The IMF Working Papers series is designed to make IMF staff research available to a wide audience. Almost 300 Working Papers are released each year, covering a wide range of theoretical and analytical topics, including balance of payments, monetary and fiscal issues, global liquidity, and national and international economic developments.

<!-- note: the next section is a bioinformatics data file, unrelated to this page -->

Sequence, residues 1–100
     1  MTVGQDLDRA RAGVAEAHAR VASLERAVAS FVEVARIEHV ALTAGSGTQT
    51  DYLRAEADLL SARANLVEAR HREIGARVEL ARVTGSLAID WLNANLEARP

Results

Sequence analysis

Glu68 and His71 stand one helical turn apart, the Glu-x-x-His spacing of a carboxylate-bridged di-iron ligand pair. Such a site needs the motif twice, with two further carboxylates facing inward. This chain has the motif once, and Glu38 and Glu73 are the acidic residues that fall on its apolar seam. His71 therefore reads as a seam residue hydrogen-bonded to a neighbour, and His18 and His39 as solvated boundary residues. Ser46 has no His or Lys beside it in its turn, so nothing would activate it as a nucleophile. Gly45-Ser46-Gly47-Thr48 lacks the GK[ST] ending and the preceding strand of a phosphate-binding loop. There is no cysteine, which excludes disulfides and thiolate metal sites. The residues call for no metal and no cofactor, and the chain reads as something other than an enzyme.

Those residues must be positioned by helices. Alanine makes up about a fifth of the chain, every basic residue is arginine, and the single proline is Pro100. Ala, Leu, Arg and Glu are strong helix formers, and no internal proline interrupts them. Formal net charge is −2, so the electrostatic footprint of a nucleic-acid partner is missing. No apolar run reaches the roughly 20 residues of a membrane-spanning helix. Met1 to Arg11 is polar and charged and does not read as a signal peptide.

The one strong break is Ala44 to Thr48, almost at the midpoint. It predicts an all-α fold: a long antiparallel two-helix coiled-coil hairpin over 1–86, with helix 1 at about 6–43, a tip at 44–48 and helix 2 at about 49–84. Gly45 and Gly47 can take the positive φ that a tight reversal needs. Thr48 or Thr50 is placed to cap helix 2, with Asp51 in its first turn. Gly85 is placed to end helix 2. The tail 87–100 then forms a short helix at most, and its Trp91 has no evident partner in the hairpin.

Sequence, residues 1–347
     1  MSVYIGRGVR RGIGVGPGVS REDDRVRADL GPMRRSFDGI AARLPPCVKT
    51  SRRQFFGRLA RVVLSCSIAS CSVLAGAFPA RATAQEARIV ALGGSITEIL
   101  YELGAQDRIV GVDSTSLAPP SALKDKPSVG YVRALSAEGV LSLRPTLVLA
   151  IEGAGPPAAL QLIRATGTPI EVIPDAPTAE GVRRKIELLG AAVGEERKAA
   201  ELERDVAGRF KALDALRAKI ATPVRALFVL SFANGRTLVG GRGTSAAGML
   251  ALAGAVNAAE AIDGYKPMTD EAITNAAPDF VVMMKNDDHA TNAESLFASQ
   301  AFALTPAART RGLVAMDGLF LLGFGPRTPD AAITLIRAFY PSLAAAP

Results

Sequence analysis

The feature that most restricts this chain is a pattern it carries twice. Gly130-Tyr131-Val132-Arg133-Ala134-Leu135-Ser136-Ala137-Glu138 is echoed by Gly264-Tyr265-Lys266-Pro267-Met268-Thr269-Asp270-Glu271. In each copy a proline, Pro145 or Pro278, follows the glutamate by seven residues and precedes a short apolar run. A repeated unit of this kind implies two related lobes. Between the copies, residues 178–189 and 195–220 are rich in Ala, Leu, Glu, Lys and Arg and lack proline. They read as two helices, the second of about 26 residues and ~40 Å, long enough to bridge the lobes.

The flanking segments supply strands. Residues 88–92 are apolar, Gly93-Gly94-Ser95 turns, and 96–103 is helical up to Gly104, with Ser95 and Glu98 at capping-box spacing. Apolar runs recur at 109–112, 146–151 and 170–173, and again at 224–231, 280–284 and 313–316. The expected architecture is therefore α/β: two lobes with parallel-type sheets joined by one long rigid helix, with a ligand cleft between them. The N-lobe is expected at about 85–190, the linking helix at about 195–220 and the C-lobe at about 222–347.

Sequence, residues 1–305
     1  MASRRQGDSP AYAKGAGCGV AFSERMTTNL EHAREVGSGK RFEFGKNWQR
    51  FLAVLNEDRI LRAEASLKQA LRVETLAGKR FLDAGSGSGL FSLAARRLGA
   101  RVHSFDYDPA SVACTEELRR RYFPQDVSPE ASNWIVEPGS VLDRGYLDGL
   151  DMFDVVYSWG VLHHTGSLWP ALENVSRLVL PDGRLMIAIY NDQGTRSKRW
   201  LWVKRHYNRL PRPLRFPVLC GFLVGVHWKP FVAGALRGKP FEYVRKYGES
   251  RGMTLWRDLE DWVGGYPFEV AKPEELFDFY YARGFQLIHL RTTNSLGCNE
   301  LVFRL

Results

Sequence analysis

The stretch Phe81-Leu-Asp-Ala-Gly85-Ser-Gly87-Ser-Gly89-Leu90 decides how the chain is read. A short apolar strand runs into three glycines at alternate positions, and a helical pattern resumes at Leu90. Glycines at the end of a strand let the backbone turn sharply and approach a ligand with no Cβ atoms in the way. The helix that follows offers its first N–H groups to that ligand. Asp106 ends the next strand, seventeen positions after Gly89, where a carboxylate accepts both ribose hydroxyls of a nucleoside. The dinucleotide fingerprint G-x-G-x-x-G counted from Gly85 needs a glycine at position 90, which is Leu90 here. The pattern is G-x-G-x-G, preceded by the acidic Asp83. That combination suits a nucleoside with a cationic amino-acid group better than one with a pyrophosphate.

This paper provides a brief historical journey of central banking in Latin America to shed light on the debate about monetary policy in the post-global financial crisis period. The paper distinguishes three periods in Latin America's central bank history: the early years, when central banks endorsed the gold standard and coped with the collapse of this monetary system; a second period, in which central banks turned into development banks under the aegis of governments at the expense of increasing inflation; and the 'golden years,' when central banks succeeded in preserving price stability in an environment of political independence. The paper concludes by cautioning against overburdening central banks in Latin America with multiple mandates as this could end up undermining their hard-won monetary policy credibility.